While wending our way home



We don’t really think of ourselves as ‘resort’ type holiday people. Having said that, we are well versed in the phrase, never say never.

To be perfectly honest our family motto, blatantly stolen from an old boss of Bill’s, is “Strong opinions weakly held”.

So, after swearing that I would never have a holiday in Dubai, you can guess what we did…

I mean like, I wouldn’t have gone there if:

a) We weren’t already passing through

b) We didn’t have a few more weeks of school holidays

c) My mate Tina, hadn’t just been and told me what an awesome time she and her kids had.

So, as I say, Strong opinions, weakly held. And I’m blaming Tina.

But it was fun. Freaking nuts, but fun.

Dubai collage

Gigantic swimming pools :: nuts

Waterslides on steroids :: nuts

‘The Leap of Faith’ waterslide, which my crazy girls rode repeatedly, and nicknamed the ‘Jump of death’. Very reassuring to a mothers ears :: really nuts

Aquarium with 65,000 marine animals :: it was just amazing. Jock’s favourite, and mine too. The aquarium is visible in various parts of the hotel, including as replacements to windows in some hotel rooms and in a very  elegant seafood restaurant (presuming however, the seafood is not that fresh).

20 restaurants :: the list goes on….and on…..

I naively presumed Dubai’s wealth was based on oil, but relative to her neighbours (like Saudi Arabia, Kuwait), not so. Rising like a mirage out of the desert, with 12 lane highways, glass skyscrapers piercing the sky, and massive cranes building more of the same. All seemingly clean and new and bright.

Dubai is the most extreme example of ‘Build it and they will come’. It’s economic model seems based on building the biggest, the tallest, the best of everything, which gives an utterly surreal, unreal air. Indeed the very land the hotel  was built on is totally man-made, and as if to prove a bizarre point of engineering marvels, in the shape of a palm tree.

From our very short visit this development seems based upon some interesting choices. It has chosen to staff the massive labour force required for its ambitions with expatriates, including at the very least the entire service and building industries. The ratio of locals to expatriates is 2:8, so in a population of 10 million people, 8 million are expats. The only locals I saw employed were at the Immigration desks at the airport. The drivers and other service staff I spoke to were exclusively expats from many nations. They are allowed to work in Dubai until they are 60, and then they must leave. Unless employed on a managerial level, the work visas are for singles, not families.  Accommodation is often provided in shared quarters. Visits home seem somewhat determined by the individual; the Kenyan concierge went home 3-4 times a year, the Bangladeshi driver (with tears in his eyes when he spoke of his wife and baby daughter), once a year. And as you would expect, these people are supporting an extended family, while simultaneously dislocated from their home lives.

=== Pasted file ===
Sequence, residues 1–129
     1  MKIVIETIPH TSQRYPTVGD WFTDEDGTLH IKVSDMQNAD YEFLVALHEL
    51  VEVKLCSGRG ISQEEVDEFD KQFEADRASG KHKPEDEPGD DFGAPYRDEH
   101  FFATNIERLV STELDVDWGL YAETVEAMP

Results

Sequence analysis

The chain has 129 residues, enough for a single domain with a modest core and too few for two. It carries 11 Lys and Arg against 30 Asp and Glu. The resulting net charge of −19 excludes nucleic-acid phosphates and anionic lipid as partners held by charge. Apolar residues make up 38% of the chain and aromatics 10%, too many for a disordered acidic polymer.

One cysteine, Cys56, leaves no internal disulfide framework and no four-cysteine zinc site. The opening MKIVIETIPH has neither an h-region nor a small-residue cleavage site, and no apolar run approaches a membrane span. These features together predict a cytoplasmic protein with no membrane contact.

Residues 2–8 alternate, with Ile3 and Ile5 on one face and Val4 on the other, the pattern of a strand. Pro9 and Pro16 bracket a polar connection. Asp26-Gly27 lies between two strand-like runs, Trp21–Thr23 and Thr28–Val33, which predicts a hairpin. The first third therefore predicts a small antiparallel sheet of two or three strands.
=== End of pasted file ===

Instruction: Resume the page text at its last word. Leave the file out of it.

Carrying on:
The other interesting choice Dubai has made with regards to its development is a fairly relaxed attitude, relative to the other Emirates, towards religious observance. We arrived on the last day of Ramadan, so alcohol was not served till 8pm and the restaurants were boarded with privacy screens. The contrast between the bikini clad westerners and the fully veiled Muslim women by the pool was somewhat unsettling, although I pass no judgement on it, and indeed everyone seemed to be enjoying themselves.  I did love watching a number of ‘Burqini’ clad mothers enjoying the pools with their children.

[and fyi, the ‘Burqini’ is an invention by an Australian Lebanese woman. How cool is that?]

While I was nervous about venturing out in the 40degree heat, I was also pretty determined to see something beyond the hotel and the road from the airport. So, in a compromise to the heat, the short duration of our stay, and keeping the junior squad happy, we went on a 4 x 4 desert experience. Hell, it was fun. Literally on the edge of town (and I imagine under it) are rolling, Lawrence of Arabia-style sand dunes. We 4 x 4-ed, we watched falcons, held owls, rode camels, had henna tattoos, ran down sand dunes and had our eyeballs exfoliated, ate Middle Eastern food and watched belly dancers (which seemed so utterly at odds with the veiled women sitting next to us).

I’m not even going to pretend it was an authentic experience, but like the rest of the holiday in Dubai, it was a fun bubble to visit. You know, since we were passing through….






7 responses to “While wending our way home

  1. I LOVED this post Chris!

    My thoughts on visiting the UAE are quite similar to yours – I mean, I wouldn’t go out of my way to go there yet if it happened to come up, I wouldn’t turn it down. I’ve heard of other friends who have kids rave about how great it was for the whole family so perhaps it’ll be more on my radar post-children. I love that you made the most of it and found some fun things to do – probably just what you needed enroute to Ghana!


    • Hi Jay, I agree completely…I wouldn’t turn it down. And yes, post kids it really needs to be on your radar. They were in heaven and kept saying ‘I can;’t believe we are having a holiday like this’, so that was pretty funny really. Good to be back in touch!


  2. Nice pictures and welcome back….you and family were all missed.Thanks on the insight on Dubai. Will there be a Dubai posting part two with additional photos and of course your always great descriptive writings.


    • Ha! I think it was your suggestion that pushed me to do the desert thing, it was great fun, so thanks to you!! I’ll put up some more photos for you too. Hope all is well. Love C

      Sent from my iPhone


  3. Pingback: get into the groove | six degrees north·

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